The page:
The Girl Without a Name

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Photo by Manu Mohan. “A Street Beggar”

Acts 16:16-34

Back in Jesus’ day, Paul’s day, they didn’t label people “mentally ill.” They said that people “had a spirit.” Generally the people Jesus and his followers encounter have “evil spirits,” but the slave girl in this story just has a “spirit.” Actually, it is a pyhtian spirit, associated with the god Apollo who was know as a snake-slayer. This spirit was said to inspire the oracles at Delphi and give them prophecies. This spirit supposedly allowed this girl to tell people’s fortunes.

So was this girl crazy? Maybe. But this “spirit” that possessed her also, in a way, provided for her. She was a slave, and her owners were able to make money off of her supposed powers. So, as a slave, she would have met with people, gone into a trance, and told them their future.

I imagine many girls who were slaves had it much worse.

This spirit compels the girl to follow Paul and his entourage proclaiming, “These men are servants of the Most High God, who are telling you the way to be saved.”

She may be crazy, but she is also right. These men are servants of God; they are telling the people the way to be saved. Paul, however, does not appreciate her proclamations–day after day, this girl following him, yelling to the people that he is trying to talk to.

In fact, Paul yells things quite similar to what this girl yells. Paul sees visions. We could ask, is Paul crazy? Well, despite all of the nutty things Paul does in the book of Acts, despite his drastic mood swings that are obvious in the letters he writes, history has nonetheless placed Paul in the “sane” category.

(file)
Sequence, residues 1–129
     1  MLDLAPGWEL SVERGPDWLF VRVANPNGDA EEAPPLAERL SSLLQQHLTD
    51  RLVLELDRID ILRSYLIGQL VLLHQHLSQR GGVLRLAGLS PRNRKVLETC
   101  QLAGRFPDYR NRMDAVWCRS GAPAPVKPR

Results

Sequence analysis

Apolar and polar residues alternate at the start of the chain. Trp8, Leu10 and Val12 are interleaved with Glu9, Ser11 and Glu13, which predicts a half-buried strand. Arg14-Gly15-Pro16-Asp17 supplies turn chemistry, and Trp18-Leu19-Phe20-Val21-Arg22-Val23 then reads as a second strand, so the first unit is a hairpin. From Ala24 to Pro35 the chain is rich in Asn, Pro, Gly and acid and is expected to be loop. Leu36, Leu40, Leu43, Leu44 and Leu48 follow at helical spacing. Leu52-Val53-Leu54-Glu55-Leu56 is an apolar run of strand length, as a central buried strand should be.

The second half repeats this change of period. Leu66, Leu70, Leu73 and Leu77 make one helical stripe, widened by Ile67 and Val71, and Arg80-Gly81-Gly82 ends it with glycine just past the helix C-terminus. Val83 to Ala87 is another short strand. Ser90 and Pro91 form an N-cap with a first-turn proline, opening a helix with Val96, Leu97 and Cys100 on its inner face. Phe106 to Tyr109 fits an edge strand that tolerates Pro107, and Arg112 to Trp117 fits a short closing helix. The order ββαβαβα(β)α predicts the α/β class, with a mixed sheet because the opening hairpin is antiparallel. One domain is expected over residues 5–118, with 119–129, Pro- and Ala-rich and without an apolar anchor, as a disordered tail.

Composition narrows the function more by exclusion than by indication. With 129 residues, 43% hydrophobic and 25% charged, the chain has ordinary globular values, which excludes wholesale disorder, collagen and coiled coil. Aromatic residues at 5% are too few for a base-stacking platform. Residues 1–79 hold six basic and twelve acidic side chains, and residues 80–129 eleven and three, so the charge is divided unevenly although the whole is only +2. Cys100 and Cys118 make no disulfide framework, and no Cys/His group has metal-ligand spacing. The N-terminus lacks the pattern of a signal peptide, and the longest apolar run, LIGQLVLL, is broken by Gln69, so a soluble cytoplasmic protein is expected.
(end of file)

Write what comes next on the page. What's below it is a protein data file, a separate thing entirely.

And because he is considered sane, even saintly, scholar after scholar works to justify Paul’s actions in this story.

The girl, they say, was not referring to Yahweh, but to a pagan god. The girl, they say, was trying to get Paul and his friends into trouble. Paul, they say, turned to her in kindness to free her from this oppressive spirit.

But the text tells a different story. According to the writer of Acts, Paul’s motive is not kindness or love; it is not to redeem the girl; it is not to challenge the oppressive economic system that allows certain people to be owned by other people. No. Paul’s motive is that he is annoyed.

Despite what the Pauline apologists would argue, it seems obvious to me that Paul does not care about the girl.

He doesn’t look at her, she follows him around–she is always behind him. He doesn’t speak to her, he speaks only to the spirit that inhabits her. And once the spirit is gone, this nameless slave girl, now without her means of making money for her owners, simply drops from Paul’s consciousness. She disappears from the story.

I am bothered by the fact that Paul never really sees this girl, but I trust that she is seen by God.

I am bothered by the fact that Paul never speaks to her, but I trust that, in her new life, the gentle voice of the Holy Spirit comforts her and guides her.

I am bothered by the fact that we don’t know this girl’s name; but I trust that God knows her name.

And even though Paul abandons her, that possibly her owners abandon her, that even the narrative of Acts abandons her, I trust that God does not abandon her; that this slave girl continues to be part of the story of the early church, part of the narrative of God’s activity in the world.


For the full text of this sermon, click here.

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